This message is certainly much more relevant, and to the point, than the Alcohol (Public Health) Bill that is still trundling around the alleys of legislation. To be very clear about it, in relation to the vast majority of the population, the issues that this self-serving piece of legislation is intended to address are largely of the past, both in terms of behaviours and communications patterns. More importantly, the proposed new law offers little to tackle the very real problems of a small minority of the population, albeit a very visible and troubled one, in relation to their use of alcohol.
This isn’t just the view from Hog Hill. It’s also widely held in Sweden, where a paper on that country’s alcohol consumption was published on Medscape in 2015. It explored the divergence in recent years between per capita alcohol consumption, which has decreased, and alcohol-related harmful effects, which have increased sharply among Stockholm youth over the past decade.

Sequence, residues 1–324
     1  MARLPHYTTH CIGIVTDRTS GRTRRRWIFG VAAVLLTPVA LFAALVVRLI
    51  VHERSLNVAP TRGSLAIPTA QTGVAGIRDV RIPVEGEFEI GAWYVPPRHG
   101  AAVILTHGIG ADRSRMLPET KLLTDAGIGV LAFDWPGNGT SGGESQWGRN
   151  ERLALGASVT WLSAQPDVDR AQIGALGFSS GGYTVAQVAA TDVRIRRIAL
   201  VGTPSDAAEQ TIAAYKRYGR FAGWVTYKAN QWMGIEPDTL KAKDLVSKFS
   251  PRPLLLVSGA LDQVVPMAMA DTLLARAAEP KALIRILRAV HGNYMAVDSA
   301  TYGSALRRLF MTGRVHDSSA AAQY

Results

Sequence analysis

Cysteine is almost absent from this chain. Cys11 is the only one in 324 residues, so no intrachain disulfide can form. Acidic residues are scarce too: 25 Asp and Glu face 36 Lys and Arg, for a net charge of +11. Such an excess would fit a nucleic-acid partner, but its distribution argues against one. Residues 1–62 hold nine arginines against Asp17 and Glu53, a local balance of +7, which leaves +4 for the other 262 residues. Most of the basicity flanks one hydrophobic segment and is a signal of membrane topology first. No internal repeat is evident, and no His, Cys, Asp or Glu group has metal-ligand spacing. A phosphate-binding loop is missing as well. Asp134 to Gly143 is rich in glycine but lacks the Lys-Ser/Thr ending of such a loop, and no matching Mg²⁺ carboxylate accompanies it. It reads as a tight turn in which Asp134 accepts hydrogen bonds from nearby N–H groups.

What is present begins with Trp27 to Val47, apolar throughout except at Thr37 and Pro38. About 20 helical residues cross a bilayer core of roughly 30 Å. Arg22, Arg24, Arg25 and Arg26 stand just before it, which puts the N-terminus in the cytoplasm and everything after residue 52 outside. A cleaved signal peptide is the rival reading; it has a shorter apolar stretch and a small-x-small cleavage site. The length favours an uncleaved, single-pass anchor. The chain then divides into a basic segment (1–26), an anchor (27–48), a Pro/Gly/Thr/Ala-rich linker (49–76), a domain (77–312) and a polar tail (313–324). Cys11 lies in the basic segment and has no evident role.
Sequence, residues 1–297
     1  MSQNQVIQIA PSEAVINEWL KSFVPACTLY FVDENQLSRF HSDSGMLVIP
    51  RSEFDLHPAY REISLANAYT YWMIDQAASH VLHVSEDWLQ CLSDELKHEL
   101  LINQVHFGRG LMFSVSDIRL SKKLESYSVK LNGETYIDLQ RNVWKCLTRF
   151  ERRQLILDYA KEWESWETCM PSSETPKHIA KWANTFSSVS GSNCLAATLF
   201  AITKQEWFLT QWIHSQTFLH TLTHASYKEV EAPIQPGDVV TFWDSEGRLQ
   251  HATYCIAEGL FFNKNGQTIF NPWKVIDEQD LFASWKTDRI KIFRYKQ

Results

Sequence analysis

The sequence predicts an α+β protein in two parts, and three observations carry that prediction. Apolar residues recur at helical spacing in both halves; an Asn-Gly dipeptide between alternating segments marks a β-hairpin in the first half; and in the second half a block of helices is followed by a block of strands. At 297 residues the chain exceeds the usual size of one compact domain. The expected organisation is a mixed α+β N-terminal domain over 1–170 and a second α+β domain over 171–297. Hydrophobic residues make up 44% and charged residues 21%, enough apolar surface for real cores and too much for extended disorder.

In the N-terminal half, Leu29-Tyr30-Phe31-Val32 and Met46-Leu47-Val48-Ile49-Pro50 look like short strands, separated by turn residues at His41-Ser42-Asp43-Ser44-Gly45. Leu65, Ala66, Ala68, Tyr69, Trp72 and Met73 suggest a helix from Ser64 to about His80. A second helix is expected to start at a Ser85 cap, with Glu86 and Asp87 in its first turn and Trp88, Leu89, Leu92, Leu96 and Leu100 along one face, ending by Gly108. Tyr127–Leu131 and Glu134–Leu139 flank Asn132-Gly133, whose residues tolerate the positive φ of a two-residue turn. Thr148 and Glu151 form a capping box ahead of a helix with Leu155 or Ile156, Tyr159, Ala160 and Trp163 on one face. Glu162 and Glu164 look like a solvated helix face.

The Swedish researchers identified a clear difference between those who drink moderately and those who drink dangerously. They recommended focusing on the latter: “So that targeted interventions can be developed to reduce their current levels of drinking and associated harmful effects.” This clear-minded and non-moralistic thinking is diametrically opposite to the general population control measures in vogue here where, in the view of the Government’s advisors, we are all high-risk drinkers.